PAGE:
What will the Cubs do without Soriano for the next six weeks? Lou gave a glimmer of an insight, saying , "We'll see what we do. We have to play around with it now and see what works best. We have good combinations We'll try some things and what seems to be working best we'll stay with."
I believe that Lou Piniella has good control of his press conferences, that he limits the information flow and stays on the message he wants to convey. So, when Lou says, "We'll...play around with it...and see," he may have something more specific planned, or he may not. What could be the Cubs' plan?
Well, it's clear what the plan is not. The Cubs could have brought up Matt Murton or Felix Pie. Either one could have slotted in as an everyday player in the OF. Pie's mid-transition swing is not ready for ML, so he's a no-brainer. Murton, on the other hand, should have been able to post an OBP better than Soriano's (obviously with much less power). That free and easy OBP would have been a safe and solid plan for a team that is scoring a lot of runs already.
The fact that Eric Patterson was brought up and got the first start reminds us how important speed is in Lou's view. Why would Patterson leapfrog Fontenot for playing time? Speed. The problem is that while Patterson is ready to be a ML bench player now and could probably stand to play 2B in a platoon with a good RH defender, I don't expect him to fill a ML LF's shoes well. Lou doesn't seem to expect this either.
Micah Hoffpaiur will probably get some DH time as we head to Toronto, but will eventually get a chance in LF if his bat doesn't go cold in Canada. Jim Hendry, in an interview at that same link above, talked about Hoffpaiur deserving a shot. I don't think the Cubs see Hoffpaiur as any different than Fontenot, which is to say that his future is as a bench player with limited versatility. His callup-demotion-callup reminds of Fontenot's path last year.
What about Mike Fontenot? He got a shot last time. He hasn't "earned" more playing time, though, and appears to be moving down Lou's depth chart. If Patterson plays decently enough, Fontenot, in my view, is vulnerable to losing his 25th-man roster spot. I think he'll get a start here or there as Lou "plays around with it." But where Fontenot got his playing time last go-around sans-Soriano was in a lineup that had only one viable LH hitter. Jim Edmonds' emergence really hurts Fontenot's role on this club.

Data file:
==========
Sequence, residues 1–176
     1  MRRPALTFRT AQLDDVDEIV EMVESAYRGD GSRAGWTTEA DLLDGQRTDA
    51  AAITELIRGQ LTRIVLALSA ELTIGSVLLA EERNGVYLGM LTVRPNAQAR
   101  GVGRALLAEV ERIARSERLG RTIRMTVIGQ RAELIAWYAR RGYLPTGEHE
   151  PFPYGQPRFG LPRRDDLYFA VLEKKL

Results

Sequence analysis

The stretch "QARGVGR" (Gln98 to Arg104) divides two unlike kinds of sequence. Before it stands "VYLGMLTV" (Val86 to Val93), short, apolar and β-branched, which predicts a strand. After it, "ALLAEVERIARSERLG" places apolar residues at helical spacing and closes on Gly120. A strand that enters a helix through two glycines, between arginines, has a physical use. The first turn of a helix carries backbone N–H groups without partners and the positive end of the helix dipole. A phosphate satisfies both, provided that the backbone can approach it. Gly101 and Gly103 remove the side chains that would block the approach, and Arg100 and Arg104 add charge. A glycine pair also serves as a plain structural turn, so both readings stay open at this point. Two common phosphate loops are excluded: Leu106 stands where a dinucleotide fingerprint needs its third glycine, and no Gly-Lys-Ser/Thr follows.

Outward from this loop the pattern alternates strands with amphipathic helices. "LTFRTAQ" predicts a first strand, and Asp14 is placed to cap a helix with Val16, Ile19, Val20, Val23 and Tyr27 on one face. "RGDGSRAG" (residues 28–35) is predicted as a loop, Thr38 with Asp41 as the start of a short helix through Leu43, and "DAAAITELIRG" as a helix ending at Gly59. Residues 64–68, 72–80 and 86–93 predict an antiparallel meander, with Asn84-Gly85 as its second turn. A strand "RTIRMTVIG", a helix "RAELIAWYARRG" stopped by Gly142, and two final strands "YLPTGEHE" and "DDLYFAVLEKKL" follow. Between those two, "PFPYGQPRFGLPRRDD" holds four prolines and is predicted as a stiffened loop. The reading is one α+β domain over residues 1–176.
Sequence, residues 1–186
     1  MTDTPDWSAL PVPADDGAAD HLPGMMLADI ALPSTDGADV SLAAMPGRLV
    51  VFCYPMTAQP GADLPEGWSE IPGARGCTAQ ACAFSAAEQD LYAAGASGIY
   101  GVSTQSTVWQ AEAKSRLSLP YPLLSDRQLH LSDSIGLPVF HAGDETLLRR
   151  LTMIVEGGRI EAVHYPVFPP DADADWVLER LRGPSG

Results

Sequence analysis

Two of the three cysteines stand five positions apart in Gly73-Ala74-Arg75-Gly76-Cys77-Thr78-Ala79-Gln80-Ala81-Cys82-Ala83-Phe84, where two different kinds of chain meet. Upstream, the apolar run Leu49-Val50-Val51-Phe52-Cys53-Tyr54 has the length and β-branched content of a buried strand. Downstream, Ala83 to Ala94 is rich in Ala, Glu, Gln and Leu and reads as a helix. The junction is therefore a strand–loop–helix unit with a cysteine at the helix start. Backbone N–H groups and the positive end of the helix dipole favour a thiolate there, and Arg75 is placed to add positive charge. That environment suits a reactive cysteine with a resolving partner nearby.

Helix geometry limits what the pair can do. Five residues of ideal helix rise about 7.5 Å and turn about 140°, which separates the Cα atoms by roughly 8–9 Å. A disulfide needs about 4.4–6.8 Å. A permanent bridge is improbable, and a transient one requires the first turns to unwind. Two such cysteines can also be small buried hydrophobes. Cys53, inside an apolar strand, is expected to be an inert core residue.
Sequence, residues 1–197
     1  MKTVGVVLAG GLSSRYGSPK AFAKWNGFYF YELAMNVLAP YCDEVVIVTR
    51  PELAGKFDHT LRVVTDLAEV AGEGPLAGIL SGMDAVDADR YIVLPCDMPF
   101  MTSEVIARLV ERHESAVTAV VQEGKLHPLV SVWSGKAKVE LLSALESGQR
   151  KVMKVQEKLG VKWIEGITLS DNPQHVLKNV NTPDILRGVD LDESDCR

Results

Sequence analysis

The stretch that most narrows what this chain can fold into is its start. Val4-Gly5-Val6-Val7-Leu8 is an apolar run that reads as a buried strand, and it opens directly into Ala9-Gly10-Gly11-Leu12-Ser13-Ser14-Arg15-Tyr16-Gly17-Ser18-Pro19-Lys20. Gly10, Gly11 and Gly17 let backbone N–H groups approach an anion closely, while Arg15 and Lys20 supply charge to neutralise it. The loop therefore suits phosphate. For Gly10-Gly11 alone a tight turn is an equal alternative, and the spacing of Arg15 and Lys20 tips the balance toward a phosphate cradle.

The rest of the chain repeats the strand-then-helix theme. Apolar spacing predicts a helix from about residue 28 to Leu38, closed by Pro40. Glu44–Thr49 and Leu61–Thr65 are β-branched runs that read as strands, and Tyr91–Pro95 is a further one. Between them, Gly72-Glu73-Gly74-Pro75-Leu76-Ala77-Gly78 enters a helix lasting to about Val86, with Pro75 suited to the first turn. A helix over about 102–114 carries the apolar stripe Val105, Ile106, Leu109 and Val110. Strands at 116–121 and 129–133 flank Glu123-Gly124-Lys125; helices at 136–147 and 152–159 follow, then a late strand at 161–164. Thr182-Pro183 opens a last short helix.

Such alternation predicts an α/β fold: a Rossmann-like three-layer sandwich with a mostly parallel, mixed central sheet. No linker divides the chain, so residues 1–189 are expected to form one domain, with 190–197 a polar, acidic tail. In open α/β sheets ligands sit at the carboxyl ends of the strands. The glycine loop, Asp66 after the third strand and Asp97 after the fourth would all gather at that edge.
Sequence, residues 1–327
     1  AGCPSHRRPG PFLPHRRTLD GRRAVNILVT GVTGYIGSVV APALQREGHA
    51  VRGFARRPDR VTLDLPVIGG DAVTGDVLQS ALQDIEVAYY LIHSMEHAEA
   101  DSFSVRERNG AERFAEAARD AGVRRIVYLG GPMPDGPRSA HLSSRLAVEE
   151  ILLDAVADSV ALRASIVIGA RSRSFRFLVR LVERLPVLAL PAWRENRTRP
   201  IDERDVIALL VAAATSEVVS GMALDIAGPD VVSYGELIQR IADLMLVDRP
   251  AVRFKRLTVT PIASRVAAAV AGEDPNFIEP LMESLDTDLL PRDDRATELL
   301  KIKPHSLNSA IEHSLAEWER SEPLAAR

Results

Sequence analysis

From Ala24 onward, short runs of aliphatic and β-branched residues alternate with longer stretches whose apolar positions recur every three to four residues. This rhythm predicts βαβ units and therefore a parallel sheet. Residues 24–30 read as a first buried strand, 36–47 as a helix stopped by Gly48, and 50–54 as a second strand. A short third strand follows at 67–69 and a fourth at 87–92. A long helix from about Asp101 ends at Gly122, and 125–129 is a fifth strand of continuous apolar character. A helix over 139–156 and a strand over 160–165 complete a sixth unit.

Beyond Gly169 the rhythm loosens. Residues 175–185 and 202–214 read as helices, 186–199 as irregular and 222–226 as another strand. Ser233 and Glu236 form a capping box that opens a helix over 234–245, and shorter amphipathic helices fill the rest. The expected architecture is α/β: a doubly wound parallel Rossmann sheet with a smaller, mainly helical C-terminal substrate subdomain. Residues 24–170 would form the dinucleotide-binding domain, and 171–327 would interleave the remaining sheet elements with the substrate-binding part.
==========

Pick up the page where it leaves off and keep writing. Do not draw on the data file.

Going to Toronto, I will not be surprised if Reed Johnson gets to play all three days. He did get to lead-off a lot last time Soriano was down, but he was miserable doing it. He appears to have moved down Lou's list as well.
The player I would like to see get the most playing time out of this is Ronny Cedeno. Once it was decided not to go with the safest win-now choice of Matt Murton, Cedeno offers the highest ceiling of the Hoffpaiur-Patterson-Cedeno trio. Lou wouldn't do this, but inserting Cedeno in at SS, moving Theriot to 2B, and DeRosa to LF is the kind of move that could improve the defense quite a bit, really helping more than any other move to offset the loss of Soriano. In addition to helping the Cubs pitchers, giving Ronny regular and extended playing time would really help the Cubs to see what they've got in the new Cedeno. He hit .378/.451/.578 in April/March but .225/.311/.250 in May. Perhaps the Cubs are worried additional playing time will further hurt his trade value, but I'm more confident in Cedeno and think that playing him could really up his value to the point where he's too valuable to trade.
Unfortunately, "regular playing time" is the opposite of "play around with it." If Lou throws one guy out there one day and another the next day, it's not really the best way to "see what works." Perhaps Lou knows this and the real plan is to bide time until Jim Hendry can make a trade.